• To allow you to work through this difficult reaction try to remain positive at all times and disclose as little detail about your new role as possible.
  • Remember that 80% of individuals who accept a counter-offer do not stay for more than 1-year, as the company is less likely to re-invest in someone who has attempted to resign.

Resignation Letter or Notice

You will hand your resignation letter to your boss during your Resignation Meeting. There is a lot of bad advice out there and template after template. You don't need a long resignation letter template! Just do the following:

  • As this is an official letter it needs to be two sentences only and should run something like this:

“This is to inform you of my intention to resign, effective [state your notice period here and date you will be leaving]. Thank you very much for the opportunity of working here.”

This doesn't leave them reading an essay and allows you to say anything else you feel you have to say verbally, as dealt with in the section above.

  • There is a temptation to include a middle paragraph explaining your reasons for leaving. This is unnecessary and could be damaging by causing the company to mark you as someone who is unsuitable for re-hire (remember that a good reference is crucial and your ultimate goal).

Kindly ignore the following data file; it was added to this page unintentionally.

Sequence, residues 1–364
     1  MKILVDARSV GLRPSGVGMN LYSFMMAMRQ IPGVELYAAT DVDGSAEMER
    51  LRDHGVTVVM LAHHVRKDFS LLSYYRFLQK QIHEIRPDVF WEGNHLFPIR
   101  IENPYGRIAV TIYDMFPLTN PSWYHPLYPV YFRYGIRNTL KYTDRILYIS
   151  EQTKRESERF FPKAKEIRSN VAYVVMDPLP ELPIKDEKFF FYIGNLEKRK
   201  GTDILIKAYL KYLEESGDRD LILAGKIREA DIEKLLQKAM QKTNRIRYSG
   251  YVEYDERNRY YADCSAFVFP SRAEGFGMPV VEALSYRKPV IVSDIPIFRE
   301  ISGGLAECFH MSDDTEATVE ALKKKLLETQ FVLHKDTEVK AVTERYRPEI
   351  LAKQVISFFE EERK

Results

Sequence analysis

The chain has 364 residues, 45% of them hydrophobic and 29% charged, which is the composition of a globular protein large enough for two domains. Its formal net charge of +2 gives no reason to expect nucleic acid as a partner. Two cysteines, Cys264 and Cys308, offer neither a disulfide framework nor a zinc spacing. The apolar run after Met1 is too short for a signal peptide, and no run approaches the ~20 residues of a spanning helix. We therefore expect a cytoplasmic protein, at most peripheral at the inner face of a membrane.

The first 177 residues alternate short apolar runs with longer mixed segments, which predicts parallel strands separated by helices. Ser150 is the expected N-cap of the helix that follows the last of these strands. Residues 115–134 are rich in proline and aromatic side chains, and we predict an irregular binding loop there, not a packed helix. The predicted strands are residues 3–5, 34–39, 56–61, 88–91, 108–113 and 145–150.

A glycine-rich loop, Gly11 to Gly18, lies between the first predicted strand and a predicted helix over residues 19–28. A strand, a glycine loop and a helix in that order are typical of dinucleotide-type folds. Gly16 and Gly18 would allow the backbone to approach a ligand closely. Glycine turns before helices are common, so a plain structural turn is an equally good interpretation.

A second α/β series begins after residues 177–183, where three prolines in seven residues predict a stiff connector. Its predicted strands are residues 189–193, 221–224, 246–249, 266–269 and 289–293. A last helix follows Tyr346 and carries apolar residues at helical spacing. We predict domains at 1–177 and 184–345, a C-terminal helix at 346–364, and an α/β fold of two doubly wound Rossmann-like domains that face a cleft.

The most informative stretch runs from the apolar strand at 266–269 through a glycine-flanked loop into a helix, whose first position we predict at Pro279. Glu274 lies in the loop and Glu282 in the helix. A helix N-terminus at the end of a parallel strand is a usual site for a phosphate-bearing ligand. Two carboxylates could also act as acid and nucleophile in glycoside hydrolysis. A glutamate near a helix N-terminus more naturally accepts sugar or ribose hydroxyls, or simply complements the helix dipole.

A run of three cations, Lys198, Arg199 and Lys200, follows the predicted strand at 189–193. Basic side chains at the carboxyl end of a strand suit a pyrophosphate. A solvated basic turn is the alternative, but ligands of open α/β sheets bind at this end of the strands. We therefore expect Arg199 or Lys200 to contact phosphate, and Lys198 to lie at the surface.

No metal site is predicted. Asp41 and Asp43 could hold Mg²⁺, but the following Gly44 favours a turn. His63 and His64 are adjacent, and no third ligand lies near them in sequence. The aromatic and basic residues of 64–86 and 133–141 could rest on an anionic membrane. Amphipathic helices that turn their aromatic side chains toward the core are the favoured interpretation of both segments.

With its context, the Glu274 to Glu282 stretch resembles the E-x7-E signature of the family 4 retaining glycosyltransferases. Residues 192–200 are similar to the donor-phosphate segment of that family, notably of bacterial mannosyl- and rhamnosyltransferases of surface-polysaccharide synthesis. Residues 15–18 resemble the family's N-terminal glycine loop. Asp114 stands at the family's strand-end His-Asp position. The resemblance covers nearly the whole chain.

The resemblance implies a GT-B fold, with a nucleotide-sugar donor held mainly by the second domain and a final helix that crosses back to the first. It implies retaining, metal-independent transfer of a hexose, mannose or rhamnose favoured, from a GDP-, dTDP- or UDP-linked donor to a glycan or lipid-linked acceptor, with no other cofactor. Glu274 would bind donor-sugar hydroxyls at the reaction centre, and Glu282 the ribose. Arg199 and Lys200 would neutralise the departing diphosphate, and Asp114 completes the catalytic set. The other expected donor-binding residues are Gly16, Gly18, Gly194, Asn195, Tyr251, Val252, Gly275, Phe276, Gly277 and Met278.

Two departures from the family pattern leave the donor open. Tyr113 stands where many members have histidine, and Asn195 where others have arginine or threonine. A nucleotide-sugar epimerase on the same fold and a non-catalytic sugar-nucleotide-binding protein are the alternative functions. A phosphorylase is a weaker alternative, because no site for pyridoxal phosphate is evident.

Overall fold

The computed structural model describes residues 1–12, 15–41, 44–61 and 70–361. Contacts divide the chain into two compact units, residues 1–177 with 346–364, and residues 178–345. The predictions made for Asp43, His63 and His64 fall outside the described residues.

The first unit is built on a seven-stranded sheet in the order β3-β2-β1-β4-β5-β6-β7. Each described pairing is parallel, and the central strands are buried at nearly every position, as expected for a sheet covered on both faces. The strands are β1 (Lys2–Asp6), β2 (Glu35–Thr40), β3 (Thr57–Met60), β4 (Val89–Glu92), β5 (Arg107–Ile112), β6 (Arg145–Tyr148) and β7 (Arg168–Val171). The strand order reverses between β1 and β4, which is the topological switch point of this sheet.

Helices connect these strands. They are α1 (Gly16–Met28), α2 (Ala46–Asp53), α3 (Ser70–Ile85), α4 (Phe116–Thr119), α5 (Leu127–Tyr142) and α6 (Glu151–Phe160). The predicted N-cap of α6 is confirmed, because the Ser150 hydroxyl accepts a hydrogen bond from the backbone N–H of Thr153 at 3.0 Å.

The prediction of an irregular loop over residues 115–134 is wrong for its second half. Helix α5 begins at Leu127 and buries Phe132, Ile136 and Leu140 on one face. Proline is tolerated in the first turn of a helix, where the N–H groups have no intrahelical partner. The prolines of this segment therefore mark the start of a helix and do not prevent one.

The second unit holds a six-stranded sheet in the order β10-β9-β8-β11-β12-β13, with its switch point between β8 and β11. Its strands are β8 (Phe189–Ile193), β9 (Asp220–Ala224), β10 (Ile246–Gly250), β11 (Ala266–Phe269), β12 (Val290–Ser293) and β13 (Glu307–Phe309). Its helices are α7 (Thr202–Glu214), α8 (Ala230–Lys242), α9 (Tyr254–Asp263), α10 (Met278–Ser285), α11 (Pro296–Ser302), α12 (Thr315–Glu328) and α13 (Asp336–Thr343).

• Remember: The letter is for the attention of one person only…your immediate boss. It should be typed and handed in-person to your boss during the resignation meeting.

Leave your employer on the very best of terms by preparing a Report!

  • To increase your chances of coming across as a confident, positive and professional individual you could (if you are a the go the extra mile type) prepare a short report detailing the work you will complete before the date of your departure.
  • This report is a 'most important list' and should be as detailed as possible even down to including who would be best suited to complete your work once you leave and the amount of outstanding work upon that date.
  • This is a useful tool as it indicates to your boss that you have ultimately made the decision to leave. It also helps you complete your resignation meeting positively and professionally.